Finally, all of these measures – prevention, education, treatment, enforcement, and responsible gaming – need to be subjected to rigorous, peer-reviewed research to ensure that our approaches are actually working. In fact, without research, we may actually be exacerbating the very problem we are seeking to address, and hurting the populations we wish to help. It can be frustrating to wait for research, of course, but we do so with broader health and medical interventions, and problem gambling is a public health issue.
To this end, we need to have well-researched prevention programs targeting vulnerable populations, well-researched educational programs targeting both the masses and those who are suffering, well-researched treatment programs for the interventions required when things reach a crisis point, well-researched enforcement approaches to ensure that policies are scientific (and that those policies are followed), and well-researched responsible gaming approaches to ensure that the gaming venue is a safe place.
In sum, we all have a job to do – as is the case with virtually every major public health challenge. This realization, however, should empower and guide us, via a coalitional approach, to seek to “fill the buckets” in each of these crucial areas. While many jurisdictions boast powerful programs in one of the areas – a brilliant advertising campaign, for instance, that delivers a strong health message about gambling in a powerful way – virtually none can say that they have strong in all areas, and that each of these interventions are backed by sound, ongoing, evaluation research. Perhaps Germany can be the first.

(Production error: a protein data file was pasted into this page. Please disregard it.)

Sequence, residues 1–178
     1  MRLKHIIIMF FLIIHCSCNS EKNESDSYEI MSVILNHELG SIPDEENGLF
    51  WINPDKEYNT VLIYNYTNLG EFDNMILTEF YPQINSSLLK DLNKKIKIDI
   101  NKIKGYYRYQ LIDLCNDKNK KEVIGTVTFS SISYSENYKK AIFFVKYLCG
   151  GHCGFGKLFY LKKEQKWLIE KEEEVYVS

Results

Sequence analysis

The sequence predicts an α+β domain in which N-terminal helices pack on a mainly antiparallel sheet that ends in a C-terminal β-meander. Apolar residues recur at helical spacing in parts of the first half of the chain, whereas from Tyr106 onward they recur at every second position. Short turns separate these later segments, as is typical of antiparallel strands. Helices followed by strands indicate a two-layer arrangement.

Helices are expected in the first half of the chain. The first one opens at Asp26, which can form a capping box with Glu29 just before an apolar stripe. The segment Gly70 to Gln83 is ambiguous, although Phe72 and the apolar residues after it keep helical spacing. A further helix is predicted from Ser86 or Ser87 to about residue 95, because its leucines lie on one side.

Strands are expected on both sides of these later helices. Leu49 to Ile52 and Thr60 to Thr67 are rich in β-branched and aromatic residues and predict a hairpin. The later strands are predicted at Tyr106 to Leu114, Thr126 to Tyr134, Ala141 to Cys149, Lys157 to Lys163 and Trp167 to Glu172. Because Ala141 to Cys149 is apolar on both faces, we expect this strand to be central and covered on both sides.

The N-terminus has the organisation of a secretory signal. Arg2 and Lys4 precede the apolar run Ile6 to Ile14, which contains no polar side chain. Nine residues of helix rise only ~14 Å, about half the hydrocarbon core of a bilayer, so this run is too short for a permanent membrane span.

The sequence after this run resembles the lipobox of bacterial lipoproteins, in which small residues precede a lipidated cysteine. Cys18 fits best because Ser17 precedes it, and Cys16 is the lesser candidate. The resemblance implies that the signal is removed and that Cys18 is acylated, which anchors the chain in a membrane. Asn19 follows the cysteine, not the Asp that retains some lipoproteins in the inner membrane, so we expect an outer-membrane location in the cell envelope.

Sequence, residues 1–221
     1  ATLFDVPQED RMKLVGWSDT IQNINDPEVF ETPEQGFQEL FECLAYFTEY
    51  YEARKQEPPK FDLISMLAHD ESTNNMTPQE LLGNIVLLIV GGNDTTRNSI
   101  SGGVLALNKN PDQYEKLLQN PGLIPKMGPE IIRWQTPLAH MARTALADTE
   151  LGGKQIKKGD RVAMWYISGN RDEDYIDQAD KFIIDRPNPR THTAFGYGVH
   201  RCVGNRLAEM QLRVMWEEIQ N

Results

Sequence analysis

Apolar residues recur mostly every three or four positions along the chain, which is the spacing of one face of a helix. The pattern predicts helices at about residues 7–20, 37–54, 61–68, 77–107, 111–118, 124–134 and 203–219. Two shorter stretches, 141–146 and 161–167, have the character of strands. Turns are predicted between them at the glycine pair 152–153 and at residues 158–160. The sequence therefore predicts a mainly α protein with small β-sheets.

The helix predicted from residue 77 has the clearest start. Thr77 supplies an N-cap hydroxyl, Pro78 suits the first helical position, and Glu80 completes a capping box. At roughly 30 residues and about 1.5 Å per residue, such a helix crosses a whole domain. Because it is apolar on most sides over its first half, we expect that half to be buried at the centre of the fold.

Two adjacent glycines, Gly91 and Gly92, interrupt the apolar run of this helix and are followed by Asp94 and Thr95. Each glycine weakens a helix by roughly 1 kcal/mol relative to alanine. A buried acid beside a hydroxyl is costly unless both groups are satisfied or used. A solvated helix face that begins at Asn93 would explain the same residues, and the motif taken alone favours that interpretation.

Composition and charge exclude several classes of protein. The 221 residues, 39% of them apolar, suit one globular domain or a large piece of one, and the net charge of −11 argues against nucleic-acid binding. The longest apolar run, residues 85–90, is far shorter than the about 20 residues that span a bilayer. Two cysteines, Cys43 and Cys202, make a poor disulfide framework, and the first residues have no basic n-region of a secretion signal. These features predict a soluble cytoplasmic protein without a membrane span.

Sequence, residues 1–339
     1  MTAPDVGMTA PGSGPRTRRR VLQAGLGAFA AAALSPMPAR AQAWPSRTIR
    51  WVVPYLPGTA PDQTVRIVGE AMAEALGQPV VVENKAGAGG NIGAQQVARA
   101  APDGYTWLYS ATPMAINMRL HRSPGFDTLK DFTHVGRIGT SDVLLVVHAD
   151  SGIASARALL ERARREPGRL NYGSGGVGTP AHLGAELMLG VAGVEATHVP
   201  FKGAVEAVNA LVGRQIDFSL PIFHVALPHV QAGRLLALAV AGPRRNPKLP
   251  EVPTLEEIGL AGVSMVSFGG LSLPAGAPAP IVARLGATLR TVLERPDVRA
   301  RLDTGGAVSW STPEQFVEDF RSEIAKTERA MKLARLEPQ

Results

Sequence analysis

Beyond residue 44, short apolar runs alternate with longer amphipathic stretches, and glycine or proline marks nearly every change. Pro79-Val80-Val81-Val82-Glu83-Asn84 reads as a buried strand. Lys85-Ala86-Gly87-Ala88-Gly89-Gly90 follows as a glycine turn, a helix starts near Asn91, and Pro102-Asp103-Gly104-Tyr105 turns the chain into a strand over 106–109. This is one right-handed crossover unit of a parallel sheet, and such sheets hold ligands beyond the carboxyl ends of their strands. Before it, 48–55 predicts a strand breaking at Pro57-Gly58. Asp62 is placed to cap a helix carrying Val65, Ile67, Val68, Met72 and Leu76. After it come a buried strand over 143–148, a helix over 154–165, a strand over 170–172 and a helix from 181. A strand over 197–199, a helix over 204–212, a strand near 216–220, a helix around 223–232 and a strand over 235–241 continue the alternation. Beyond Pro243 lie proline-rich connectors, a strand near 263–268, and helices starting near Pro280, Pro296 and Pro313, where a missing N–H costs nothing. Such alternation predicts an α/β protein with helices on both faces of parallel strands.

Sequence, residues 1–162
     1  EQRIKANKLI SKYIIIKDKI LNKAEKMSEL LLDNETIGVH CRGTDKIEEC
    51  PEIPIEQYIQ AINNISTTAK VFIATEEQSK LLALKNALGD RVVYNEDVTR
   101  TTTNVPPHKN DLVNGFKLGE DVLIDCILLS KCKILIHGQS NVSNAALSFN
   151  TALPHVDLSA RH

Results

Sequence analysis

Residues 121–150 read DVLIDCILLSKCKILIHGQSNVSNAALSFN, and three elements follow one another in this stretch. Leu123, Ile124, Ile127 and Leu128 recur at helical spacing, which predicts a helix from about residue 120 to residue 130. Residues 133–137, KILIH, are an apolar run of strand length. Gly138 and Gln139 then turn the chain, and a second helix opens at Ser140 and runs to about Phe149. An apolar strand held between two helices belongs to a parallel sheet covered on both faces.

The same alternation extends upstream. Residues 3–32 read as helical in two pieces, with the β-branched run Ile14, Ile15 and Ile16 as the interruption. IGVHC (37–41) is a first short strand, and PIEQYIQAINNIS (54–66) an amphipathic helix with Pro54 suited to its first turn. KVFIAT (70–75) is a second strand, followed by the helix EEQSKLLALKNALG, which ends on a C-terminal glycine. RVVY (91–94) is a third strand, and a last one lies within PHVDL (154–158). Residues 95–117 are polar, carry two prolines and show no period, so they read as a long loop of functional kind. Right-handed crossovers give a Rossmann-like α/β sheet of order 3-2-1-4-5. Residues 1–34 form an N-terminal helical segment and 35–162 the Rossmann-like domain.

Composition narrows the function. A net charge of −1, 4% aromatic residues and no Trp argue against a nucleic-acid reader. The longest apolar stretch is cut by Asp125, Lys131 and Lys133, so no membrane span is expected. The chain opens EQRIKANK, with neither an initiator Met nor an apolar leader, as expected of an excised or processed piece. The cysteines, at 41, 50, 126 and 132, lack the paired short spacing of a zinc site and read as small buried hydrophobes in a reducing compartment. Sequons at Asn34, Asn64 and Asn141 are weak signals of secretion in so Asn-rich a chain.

Wolfgang Haß, Peter Lang: Glücksspielverhalten und Glücksspielsucht in Deutschland. Ergebnisse des Surveys 2015 und Trends. Forschungsbericht der BZgA. Köln 2016. http://www.bzga.de/pdf.php?id=7f6f856fc846fc2196919a3d197fcae9.
Gerhard Bühringer u. a.: ALICE RAP Policy Paper Series. Policy Brief 2. Gambling – two sides of the same coin: recreational activity and public health problem. 2013. http://www.alicerap.eu/resources/documents/doc_download/128-policy-paper-2- gambling-two-sides-of-the-same-coin.html.
Prof. Bo Bernhard ist Executive Director des International Gambling Institute der University of Las Vegas.